Monday, November 28, 2016


Commelina communis
Multi purpose plant for food, medicine, dyes, and more
This shy, persistent beauty is one of my favorites.  Every day a new flower opens, and the color is what I call 'heavenly blue'.  It's the flower of my childhood when we played on the old Croton acqueduct behind the house in Yonkers, New York. The Asiatic dayflower is considered a weed both in areas where it was introduced and in certain parts of its native range. The flowers' interactions with pollinators have been well studied and have helped to support important hypotheses about pollination in the field of plant ecology. Recent research has also revealed that the Asiatic dayflower can bioaccumulate a number of metals, making it a candidate for revegetating and essentially cleaning spoiled copper mines. Several animals and fungi use the plant as a food source, with a few species feeding upon it exclusively.


My computer died Friday and went to hospital Saturday
After an attempt to replace the core, and that only uncovering worse problems, the verdict was it is essentially not fixable BUT through the miracle of coincidence a replacement Mac laptop was found and offered as a kindness. So I'm back on line, and the screen is larger which is a bonus. I lost the ability to download photographs. It's still there I just don't know how to access it. E-mailed a friend who set me up originally and who will visit Today or Tuesday. Meanwhile, this new/old one is the same operating system (expires 2011 warranty just like my old one but good for many years he thinks) and all my data was transferred. I'm set for the time being to continue rowing this boat down our mutual blog stream.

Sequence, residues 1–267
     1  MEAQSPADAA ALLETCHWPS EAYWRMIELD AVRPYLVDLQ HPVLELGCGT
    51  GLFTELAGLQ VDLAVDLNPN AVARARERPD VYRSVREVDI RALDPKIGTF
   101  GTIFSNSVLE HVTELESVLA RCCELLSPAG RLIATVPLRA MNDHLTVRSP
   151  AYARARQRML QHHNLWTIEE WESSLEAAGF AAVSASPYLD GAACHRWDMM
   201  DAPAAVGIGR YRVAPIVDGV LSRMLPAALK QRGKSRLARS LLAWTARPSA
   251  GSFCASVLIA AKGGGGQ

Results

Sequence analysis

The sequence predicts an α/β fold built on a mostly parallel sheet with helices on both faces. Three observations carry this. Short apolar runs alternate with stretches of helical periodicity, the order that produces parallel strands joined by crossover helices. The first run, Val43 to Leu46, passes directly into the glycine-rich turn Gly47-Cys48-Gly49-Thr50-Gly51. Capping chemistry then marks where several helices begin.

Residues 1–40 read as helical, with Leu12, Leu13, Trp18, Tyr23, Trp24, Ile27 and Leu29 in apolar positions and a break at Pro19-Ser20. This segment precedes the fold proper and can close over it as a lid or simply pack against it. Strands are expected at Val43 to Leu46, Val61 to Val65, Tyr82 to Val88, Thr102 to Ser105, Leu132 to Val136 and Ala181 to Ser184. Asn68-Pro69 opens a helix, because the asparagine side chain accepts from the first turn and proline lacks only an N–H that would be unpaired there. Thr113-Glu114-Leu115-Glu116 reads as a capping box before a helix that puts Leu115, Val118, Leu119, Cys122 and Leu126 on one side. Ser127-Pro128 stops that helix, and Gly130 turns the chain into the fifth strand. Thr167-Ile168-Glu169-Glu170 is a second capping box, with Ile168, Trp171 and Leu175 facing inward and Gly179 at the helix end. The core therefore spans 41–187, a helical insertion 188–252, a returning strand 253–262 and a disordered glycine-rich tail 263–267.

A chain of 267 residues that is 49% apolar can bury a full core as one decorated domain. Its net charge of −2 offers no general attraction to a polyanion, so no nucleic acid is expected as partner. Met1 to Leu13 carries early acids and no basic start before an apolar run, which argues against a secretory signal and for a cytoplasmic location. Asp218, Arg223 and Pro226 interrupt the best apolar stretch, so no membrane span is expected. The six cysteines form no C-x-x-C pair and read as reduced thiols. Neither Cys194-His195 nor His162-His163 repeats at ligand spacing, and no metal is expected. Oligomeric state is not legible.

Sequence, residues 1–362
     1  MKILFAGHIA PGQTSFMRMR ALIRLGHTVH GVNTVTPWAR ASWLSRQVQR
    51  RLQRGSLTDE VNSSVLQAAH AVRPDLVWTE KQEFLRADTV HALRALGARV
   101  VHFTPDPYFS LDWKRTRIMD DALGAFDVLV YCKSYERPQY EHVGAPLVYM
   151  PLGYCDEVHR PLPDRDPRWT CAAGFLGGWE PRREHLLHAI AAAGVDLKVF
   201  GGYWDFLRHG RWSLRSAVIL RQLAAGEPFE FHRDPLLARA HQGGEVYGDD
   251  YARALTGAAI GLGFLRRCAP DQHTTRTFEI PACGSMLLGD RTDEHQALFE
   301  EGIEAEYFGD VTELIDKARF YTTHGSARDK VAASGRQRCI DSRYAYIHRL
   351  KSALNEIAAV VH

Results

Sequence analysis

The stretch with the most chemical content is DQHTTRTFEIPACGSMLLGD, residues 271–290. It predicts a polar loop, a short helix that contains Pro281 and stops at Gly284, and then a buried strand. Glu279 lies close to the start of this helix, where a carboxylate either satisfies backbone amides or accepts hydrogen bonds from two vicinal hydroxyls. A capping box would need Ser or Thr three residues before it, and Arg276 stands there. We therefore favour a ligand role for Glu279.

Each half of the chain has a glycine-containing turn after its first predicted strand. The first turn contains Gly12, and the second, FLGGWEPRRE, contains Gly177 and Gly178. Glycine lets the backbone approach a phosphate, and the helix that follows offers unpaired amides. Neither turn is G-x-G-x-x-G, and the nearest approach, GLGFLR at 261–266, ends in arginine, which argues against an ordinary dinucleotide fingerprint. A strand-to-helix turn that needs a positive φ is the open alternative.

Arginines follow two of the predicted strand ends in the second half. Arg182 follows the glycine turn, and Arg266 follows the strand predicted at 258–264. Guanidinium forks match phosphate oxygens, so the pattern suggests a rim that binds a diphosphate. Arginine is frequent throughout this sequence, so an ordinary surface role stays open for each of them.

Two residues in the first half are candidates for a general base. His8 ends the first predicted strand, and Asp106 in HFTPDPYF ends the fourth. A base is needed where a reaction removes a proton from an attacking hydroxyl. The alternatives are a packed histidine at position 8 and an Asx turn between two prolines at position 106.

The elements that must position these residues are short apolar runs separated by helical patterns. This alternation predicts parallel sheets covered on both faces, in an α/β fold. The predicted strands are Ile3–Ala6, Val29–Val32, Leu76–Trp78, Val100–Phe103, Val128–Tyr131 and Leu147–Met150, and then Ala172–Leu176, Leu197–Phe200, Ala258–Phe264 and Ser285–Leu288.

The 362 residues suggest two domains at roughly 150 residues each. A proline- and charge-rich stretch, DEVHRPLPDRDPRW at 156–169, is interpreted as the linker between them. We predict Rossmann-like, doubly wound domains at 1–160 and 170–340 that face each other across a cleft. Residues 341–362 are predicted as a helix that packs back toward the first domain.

Special thanks to dear Jude hill who made it possible.


grace Forrest~Maestas said...

i am so glad it all came out ok....oh, Yay and Sigh

Mo Crow said...

good to see you back! and re that plant, beautiful colour but it is a take over merchant here in Sydney with a very persistent root system!

Ms. said...

I fill in large pots with's also good in City Tree wells. In fact I've got a little one on the windowsill here to help me through the don't neglect the medicinal value.